It’s time to race the Tough One
14 November 2016
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Brad Brown: You’re listening to Old Mutual Live, it’s brilliant to have you with us once again and ever closer to the 2016 Old Mutual Soweto Marathon, one of the iconic races on the Johannesburg running calendar, another one that is also probably one of the most iconic in Jo’burg. But it’s definitely the most iconic 32 in South Africa, is approaching towards the end of November.
I’m talking about the RAC Tough One and it’s an interesting race, it’s at an interesting time of the year. We’re joined now by someone who is no stranger to the South African fraternity, Vreni Welsch joins us now. Vreni, welcome, thanks for taking the time to chat to us today.
Vreni Welsch: Thank you Brad, it’s nice to be talking to you and all the others, thank you.
BB: Vreni, Tough One is an interesting race and I say where it sits in the race calendar, for a lot of people it’s the rude awakening they need after hanging out on the dark side after their previous Comrades and it jolts them back into action. It’s not an easy one, it lives up to its name, it’s almost like the tick in the box to start taking things seriously again in the build-up to 2017.
VW: Quite right Brad, we used to be in February and the days when you chatted about fixtures in the province, it was either Striders or us who had to move. We felt we would be able to build-up the event so that you can actually have a successful event at the end of November, which as you know it is.
A long history
Yes, we’re running the 43rd time the Tough One, things are going good, people seem to enjoy it. We’ve got another three people who are running their 20th and we’ve got 18 people who are more than 20. We’ve got Peter Jacoby from Knysna who is running his 35th.
BB: That’s incredible, other than the Comrades and the Two Oceans, there can’t be too many other races around that have been going that long in SA.
VW: I must say we’re very proud that we’ve kept it going. I have personally been involved in it in some way or the other for 41 years. When I first came to Johannesburg I used to type the results for our race organiser and from there it’s grown.
It’s now in my home where we do the preparation and I have ladies coming twice a week to come and get all the pre-entries ready so that when we see them on Friday, the 25th of November we are ready for them. That’s how it’s gone.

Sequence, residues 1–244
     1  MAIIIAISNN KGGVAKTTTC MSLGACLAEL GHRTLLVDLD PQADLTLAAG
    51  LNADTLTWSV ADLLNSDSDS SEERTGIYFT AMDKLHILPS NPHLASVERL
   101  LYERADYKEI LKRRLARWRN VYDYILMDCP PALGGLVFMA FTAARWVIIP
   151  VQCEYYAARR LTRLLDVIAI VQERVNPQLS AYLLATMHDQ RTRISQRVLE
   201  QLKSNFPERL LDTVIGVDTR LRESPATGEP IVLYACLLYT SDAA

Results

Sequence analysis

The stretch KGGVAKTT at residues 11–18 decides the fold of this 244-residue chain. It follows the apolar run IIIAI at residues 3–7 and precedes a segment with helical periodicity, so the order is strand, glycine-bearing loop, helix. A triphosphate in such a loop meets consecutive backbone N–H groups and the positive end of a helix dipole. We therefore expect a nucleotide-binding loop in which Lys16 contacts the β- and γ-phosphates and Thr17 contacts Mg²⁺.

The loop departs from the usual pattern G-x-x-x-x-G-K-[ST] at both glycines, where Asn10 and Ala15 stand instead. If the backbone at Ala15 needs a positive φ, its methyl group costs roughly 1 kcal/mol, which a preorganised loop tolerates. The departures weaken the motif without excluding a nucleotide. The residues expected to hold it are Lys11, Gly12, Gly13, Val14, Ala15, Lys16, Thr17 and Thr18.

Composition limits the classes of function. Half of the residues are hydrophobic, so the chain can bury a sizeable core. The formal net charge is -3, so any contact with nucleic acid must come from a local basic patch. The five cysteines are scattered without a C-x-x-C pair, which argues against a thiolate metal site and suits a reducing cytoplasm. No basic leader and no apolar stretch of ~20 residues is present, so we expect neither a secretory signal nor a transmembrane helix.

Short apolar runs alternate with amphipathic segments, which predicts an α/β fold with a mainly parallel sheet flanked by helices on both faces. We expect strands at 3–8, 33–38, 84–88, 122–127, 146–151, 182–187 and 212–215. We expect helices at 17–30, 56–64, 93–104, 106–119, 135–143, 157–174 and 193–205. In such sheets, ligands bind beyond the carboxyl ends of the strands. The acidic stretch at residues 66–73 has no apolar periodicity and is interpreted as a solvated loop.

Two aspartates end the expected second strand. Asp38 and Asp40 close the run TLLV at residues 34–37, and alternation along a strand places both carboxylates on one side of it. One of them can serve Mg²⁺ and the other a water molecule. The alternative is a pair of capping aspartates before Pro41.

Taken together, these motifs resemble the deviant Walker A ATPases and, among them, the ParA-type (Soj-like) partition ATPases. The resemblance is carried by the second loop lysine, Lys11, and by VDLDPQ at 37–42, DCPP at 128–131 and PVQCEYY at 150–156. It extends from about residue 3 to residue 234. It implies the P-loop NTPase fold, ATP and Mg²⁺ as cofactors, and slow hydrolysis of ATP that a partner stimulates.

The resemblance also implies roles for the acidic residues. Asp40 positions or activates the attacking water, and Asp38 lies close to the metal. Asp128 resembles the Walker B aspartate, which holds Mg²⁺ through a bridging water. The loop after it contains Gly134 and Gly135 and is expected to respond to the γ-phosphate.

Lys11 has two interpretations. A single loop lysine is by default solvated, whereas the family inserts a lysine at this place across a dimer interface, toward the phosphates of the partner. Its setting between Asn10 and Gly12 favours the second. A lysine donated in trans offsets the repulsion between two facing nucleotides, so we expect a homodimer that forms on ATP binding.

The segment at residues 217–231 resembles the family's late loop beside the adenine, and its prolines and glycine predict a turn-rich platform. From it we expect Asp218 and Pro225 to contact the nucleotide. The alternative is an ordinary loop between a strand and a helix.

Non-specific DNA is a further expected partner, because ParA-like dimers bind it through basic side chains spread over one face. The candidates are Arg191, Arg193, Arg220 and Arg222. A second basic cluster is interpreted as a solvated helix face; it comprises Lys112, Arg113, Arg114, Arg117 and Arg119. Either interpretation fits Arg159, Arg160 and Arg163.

BB: Vreni, before we get into the specifics of this year’s race and the entries and how things have been going, what do you attribute the success of this race to? There’s lots of running clubs around the country that struggle to put their races on. We see it so often and big races that are on the calendar for a few years and then disappear, what’s been the secret to RAC’s success with the Tough One?
VW: Brad, I would love to know, but I think one of the biggest words is Love. Every member just loves to know, we’ve put on a good race and it is ours. They all come forward, we are so fortunate. I would get at least 450 volunteers to come on the day to see that the race is a success. I don’t know if that is the recipe or not, but we love the event and every member loves the event.
BB: I think that’s so important Vreni and running clubs around the country can take a lesson and not just running clubs, I think it’s the runners. It’s up to each and every one of us. We love running races and there are some amazing races in SA, but they cannot be put on if it’s not by the hosting clubs. Often we’ll get a request from our running club, it doesn’t matter who you run for, saying please will you come help us and people are a just hesitant to do that.
A supportive community
I think it’s a small price to pay for each of us, give up one Saturday or Sunday morning, maybe two a year to be able to enjoy races around the country. I think it’s important that we all step up to the plate and say we love the sport, we’re going to do our little bit and RAC is one of those clubs. You’re so right, there’s this culture within RAC that people want to help, particularly around the races.